Unions have asked a British MP to apologise to the Hong Kong police for naming a superintendent during a parliamentary debate, claiming the officer gave the order to use tear gas against protesters.

Chairmen of four unions, Superintendents’ Association, Hong Kong Police Inspectors’ Association, Overseas Inspectors’ Association, and Junior Police Officers’ Association wrote to Helen Goodman MP on Friday, saying that it was evident to them that she has no understanding nor insight into what was happening in Hong Kong.

Helen Goodman
Helen Goodman. Photo: UK Parliament.

“We can only surmise you are either willfully blind to the truth or reading false reports,” they said. “You owe the Superintendent and the Hong Kong Police Force an apology.”

Goodman, during a debate on July 2, asked if the UK government would investigate a British superintendent, who she claimed was the one ordering tear gas be used against protesters on June 12.

She also mentioned that two other British chief superintendents were two of the most senior officers in charge of crowd control on that day, without naming them.

“What are Ministers doing to bring to book these British citizens who ordered the police brutality?” she asked the UK government.

China extradition protest admiralty clash
File Photo: Todd R. Darling/HKFP.

On Friday, the four unions wrote to Goodman saying that she “encouraged a doxxing campaign” against the superintendent.

Doxxing involves publishing private or identifying information about an individual online, generally with malicious intentions.

“He, along with the two other expatriate officers, have been subjected to vitriolic cyber attacks and physical threats to their families,” the letter said.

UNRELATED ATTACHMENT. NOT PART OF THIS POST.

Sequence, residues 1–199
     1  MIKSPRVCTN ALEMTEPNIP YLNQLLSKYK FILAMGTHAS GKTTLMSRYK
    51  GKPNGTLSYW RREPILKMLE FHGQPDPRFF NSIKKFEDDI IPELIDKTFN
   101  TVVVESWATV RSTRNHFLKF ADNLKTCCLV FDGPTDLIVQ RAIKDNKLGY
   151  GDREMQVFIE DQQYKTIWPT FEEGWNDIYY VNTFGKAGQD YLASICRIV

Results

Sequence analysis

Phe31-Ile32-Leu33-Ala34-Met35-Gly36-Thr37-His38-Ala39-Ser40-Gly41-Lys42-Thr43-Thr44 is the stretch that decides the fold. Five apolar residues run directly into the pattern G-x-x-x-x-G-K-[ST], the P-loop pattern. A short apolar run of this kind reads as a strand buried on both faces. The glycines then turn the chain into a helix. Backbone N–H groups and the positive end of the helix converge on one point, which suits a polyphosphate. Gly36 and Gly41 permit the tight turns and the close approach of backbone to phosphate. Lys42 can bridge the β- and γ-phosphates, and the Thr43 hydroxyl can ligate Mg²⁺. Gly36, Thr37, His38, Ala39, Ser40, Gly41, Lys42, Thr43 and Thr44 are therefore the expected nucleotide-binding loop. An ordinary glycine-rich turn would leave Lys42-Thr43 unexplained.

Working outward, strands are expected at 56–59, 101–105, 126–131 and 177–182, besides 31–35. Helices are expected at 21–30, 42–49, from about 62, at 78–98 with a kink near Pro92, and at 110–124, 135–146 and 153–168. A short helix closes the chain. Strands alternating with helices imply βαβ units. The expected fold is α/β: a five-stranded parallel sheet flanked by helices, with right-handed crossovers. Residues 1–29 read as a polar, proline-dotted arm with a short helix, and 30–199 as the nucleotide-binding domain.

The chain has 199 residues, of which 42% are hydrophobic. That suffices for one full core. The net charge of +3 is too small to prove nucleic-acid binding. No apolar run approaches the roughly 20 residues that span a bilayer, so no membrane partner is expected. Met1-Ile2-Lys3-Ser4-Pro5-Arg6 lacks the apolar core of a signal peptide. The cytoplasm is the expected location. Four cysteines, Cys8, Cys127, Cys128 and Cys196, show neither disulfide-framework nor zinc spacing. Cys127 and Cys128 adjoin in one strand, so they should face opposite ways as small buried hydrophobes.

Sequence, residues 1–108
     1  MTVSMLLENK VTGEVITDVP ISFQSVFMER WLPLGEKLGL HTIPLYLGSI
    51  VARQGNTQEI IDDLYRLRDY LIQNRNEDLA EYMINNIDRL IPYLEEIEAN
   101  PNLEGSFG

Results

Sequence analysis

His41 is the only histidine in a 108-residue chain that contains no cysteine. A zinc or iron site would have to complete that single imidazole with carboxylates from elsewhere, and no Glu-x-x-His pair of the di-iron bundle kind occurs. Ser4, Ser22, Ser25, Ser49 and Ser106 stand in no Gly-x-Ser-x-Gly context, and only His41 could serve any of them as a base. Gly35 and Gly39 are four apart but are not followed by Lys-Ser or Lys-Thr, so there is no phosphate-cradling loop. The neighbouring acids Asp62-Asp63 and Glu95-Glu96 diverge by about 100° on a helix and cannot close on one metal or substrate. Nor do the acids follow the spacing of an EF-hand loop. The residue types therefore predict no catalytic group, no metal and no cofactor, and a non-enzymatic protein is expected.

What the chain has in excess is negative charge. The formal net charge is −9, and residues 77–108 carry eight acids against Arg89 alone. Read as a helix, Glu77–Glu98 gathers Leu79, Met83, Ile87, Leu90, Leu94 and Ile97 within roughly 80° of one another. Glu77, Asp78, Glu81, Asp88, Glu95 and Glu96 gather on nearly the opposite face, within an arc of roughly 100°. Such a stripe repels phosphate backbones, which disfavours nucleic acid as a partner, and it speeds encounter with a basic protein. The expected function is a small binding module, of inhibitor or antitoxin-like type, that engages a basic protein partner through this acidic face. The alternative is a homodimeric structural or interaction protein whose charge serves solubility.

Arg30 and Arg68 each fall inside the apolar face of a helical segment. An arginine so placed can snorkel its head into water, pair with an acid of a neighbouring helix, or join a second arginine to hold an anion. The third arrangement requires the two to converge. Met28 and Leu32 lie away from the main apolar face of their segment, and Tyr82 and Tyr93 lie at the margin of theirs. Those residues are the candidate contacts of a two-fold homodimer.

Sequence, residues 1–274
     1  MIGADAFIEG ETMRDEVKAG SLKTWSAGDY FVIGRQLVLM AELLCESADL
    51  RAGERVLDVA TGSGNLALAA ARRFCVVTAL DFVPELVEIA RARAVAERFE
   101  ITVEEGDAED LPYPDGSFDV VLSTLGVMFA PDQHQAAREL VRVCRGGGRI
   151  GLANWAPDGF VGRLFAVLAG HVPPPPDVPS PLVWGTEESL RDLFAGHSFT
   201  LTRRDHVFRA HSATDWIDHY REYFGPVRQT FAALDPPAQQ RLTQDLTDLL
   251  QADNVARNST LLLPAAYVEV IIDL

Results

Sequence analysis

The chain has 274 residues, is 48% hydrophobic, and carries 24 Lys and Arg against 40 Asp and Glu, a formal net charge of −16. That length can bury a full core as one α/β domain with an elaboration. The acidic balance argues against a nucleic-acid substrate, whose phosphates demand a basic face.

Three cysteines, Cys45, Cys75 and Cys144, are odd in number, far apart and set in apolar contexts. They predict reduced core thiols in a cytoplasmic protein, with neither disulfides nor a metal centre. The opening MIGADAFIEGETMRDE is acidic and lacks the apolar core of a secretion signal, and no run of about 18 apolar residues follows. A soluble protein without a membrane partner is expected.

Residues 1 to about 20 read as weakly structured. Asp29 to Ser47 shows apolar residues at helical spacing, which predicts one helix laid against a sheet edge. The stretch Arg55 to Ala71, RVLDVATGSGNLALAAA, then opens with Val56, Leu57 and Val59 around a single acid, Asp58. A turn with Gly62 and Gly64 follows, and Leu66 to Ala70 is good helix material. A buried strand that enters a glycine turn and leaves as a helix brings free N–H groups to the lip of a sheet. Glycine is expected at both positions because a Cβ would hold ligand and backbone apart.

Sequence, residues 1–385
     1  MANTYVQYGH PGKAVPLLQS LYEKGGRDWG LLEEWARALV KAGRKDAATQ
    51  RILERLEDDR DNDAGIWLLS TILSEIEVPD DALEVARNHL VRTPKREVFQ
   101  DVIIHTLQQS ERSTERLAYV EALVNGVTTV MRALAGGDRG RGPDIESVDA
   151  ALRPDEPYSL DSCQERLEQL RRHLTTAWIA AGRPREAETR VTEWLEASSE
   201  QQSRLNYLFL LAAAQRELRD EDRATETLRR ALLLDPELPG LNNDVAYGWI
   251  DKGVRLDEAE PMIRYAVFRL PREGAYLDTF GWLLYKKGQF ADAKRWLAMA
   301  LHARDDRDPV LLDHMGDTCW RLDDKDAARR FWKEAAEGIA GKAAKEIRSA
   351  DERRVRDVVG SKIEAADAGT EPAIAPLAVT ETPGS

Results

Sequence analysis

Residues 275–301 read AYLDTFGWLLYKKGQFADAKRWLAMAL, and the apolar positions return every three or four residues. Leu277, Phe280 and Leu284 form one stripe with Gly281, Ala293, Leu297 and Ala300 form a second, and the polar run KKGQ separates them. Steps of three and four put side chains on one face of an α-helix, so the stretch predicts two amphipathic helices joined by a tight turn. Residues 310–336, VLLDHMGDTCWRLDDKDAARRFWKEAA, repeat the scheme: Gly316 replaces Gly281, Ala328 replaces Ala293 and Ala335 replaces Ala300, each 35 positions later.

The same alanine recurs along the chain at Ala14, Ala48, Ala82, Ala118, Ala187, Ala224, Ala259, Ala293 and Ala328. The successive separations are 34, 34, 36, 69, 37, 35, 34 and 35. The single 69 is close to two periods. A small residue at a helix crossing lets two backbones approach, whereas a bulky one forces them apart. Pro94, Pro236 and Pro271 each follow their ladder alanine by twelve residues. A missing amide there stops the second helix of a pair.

The unions said the police acted with proportionality and used minimum force to suppress a “rioting mob.”

“Many officers were injured by bricks and spears thrown by the mob. Some officers suffered from a corrosive substance being thrown at them,” they said.

Goodman said during the debate that she welcomed a public inquiry into the actions of the Hong Kong police in clearing anti-extradition law protesters.

The four unions said the Independent Police Complaints Council (IPCC) has announced a study into all protests that took place in June.

“We understand that whilst the study will touch on police actions during the protests, it is vital for the IPCC to consider who instigated the riot and encouraged the attacks on police,” the unions said.

However, the IPCC study will not have legal power to summon witnesses.

Kris Cheng is a Hong Kong journalist with an interest in local politics. His work has been featured in Washington Post, Public Radio International, Hong Kong Economic Times and others. He has a BSSc in Sociology from the Chinese University of Hong Kong. Kris is HKFP's Editorial Director.